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U.S. Gambling Research Shows No Increase in Problem Gambling

If you didn’t know it beforehand, now you do.

The Chairman of the Las Vegas Sands Corporation (LVSC) and creator of the Coalition to Stop Internet Gambling (CSIG), Sheldon Adelson, does not have the Research Institute on Addictions at the University at Buffalo in his pocket.

The results of a decade long study on the effects of gambling in the U.S. have been released and it’s good news for those who wanted to know that the number of problem gamblers has not increased in direct comparison with the rise in gambling outlets currently available to American punters.

We compared results from two nationwide telephone surveys, conducted a decade apart,” said John W. Welte, senior research scientist at the Research Institute on Addictions at the University at Buffalo. “We found no significant increase in the rates of problem gambling in the US, despite a nationwide increase in gambling opportunities.”

The survey was conducted via telephone, with 2,613 people interviewed between 1999-2000, with the follow-up questions being fired at a crowd of 2,963 people in 2011-2013.

Whilst it appears to be a blow to the anti-gambling brigade, the doom-mongers will no doubt point to the timing of the two reviews, with particular emphasis being drawn to post-Unlawful Internet Gambling Enforcement Act of 2006 (UIGEA) and the subsequent nightmare forever known as Black Friday as evidence that the assertion that there are more opportunities to gamble is rather flawed.

But we’ll take it.

The researchers found no statistically significant change in either problem or pathological gambling. Although we had no clear understanding of the measures used in the study, rates of problem gambling remained in the 3.5 to 5.5% range, whilst rates of pathological gambling remained in the 1.0 to 2.4% range.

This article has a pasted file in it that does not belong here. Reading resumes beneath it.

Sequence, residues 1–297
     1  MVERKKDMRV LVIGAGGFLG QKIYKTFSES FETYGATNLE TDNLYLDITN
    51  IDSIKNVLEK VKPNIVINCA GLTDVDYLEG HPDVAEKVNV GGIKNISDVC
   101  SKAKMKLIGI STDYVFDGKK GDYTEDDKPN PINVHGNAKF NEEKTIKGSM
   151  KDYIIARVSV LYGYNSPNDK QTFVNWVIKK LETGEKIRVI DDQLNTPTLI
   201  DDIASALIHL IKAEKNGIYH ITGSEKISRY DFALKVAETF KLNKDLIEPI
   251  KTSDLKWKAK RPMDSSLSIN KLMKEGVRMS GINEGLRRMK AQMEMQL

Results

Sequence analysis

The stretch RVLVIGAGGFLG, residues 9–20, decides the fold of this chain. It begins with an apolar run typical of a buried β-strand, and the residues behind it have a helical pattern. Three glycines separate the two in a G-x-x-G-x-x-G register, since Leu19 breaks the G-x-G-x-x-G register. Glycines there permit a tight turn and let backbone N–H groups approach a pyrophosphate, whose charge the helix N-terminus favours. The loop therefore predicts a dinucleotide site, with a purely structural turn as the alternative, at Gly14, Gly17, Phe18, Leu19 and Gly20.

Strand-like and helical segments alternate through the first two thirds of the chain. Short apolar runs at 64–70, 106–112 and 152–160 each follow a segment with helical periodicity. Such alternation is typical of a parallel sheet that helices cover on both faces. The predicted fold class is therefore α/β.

The only other snippets of information that were released from the report were the facts that men are twice as likely to gamble as women, the prevalence of problem gambling amongst the females of the species decreased from 2.9% to 2.5%, the percentage of people who gambled in the past year had decreased from 82.2% to 76.9%, and there was a reduction in the average number of days that people gambled per year, dropping from 59.9 days per year to 53.7.

Our results show it is clear that US residents are gambling less often,” Welte said.

The reason that I don’t have more information for you is because the report is only available if you trump up the $39.95 to buy it, and I’m not saying I have a problem with gambling or anything like that, but I lost my last $50 betting that the raindrop on the left hand side of my window pane would reach the sill before the one on the right.

The National Institute on Alcohol Abuse and Alcoholism funded the rather expensive report.

Palestine is a Made up Nation That Only Exists to Destroy Israel

Whilst the Research Institute on Addictions at the University at Buffalo create ammo to fight against Sheldon Adelson and the CSIG, his all-seeing eye is firmly set on matters of greater concern.

Speaking at the first conference of the Israeli-American Council, (a Los Angeles-based group created to serve Israeli Americans in support of Israel) Adelson said: “The purpose of the existence of Palestinians is to destroy Israel.”

The octogenarian also suggested that they “build a big wall to protect themselves” and then give Palestine five years to prove “that they have given up on any intent to destroy Israel.”

When talk turned to their problematic neighbors in Iran, Adelson said he would “take action” against them. Let’s be grateful that his fellow Israeli-American Council buddy, Haim Saban, isn’t part of the online poker war, because when he responded to the Iran question, he said if he were the Israeli Prime Minister and a nuclear deal between the two nations threatened Israel, he would, “bomb the living daylights out of those sons of bitches.”

I dare to think what he would do to problem gamblers.

 

 

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Lee Davy

Life can be viewed as the sum of the parts or the parts themselves. I believe in the holistic view of life, or the sum. When dealing with individual parts you develop whack-a-mole syndrome; each time you clobber one problem with your hammer another one just pops up.

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